23 Mar Turning Commercial Ceramic Membranes into a First Stage of Membranes for Post-Combustion CO2 Separation Back to Sci. Publications
S. Cerneaux, V. Germain, G. Francisco, D. Cornu, C. Loubat, E. Louradour, A. Larbot, E. Prouzet
Journal of Membrane Science & Technology, 5, 2
02nd October 2015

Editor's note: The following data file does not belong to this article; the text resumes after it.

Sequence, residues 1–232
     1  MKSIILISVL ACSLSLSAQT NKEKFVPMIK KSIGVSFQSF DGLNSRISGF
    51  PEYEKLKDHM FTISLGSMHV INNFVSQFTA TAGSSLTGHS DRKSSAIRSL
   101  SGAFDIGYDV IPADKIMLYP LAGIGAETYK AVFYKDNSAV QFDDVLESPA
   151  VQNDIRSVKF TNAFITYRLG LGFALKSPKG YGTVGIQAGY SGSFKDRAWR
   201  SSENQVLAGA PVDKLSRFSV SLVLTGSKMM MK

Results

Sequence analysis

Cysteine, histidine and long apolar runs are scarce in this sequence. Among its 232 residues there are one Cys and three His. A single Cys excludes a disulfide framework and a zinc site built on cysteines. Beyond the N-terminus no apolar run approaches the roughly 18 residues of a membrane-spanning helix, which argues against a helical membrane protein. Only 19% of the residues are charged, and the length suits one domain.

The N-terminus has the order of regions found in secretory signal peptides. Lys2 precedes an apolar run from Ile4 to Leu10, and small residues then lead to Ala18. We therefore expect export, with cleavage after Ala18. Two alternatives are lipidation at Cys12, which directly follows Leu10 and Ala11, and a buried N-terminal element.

This report describes how commercial tubular ceramic membranes, initially designed for liquid filtration, can be modified to provide the core separation components of a first stage of flue gas treatment and enrichment in post-combustion CO2 separation. Commercially available tubular NanoFiltration (NF) ceramic membranes were turned into a membrane for CO2 separation by a two-step process including additional ceramic coating and chemical grafting. The combination of ceramic coating and chemical grafting drastically modify the membrane properties and turn the membrane initially designed for liquid filtration into a membrane that displays CO2 vs N2 selectivity at the opposite of Knudsen-based selectivity, with a CO2:N2 ideal selectivity of 2.3. A second step of this study addressed the reduction of membrane cost, by starting with a low ultrafiltration (UF) 200 nm ceramic support specifically manufactured for this application in place of a NF membrane. After successful coating of a 5 nm and a 1 nm ceramic membranes, this membrane, grafted with a commercial fluorosilane molecule was tested in pure gas permeation of CO2 and N2, with an ideal selectivity CO2:N2 =3. Finally, the same membrane, grafted with glymo, was tested against separation of a CO2 (20%):N2 (80%) mixture, and as a function of the permeation stage-cut. A CO2:N2 selectivity of 4 was obtained for a stage-cut of 0.5, and even higher (CO2:N2 selectivity=14) for low stage-cuts usually used for testing dense polymer membranes. These results demonstrate that commercial ceramic porous membranes can be used as starting elements for a first stage of CO2 post-combustion gas cleaning and CO2 enrichment.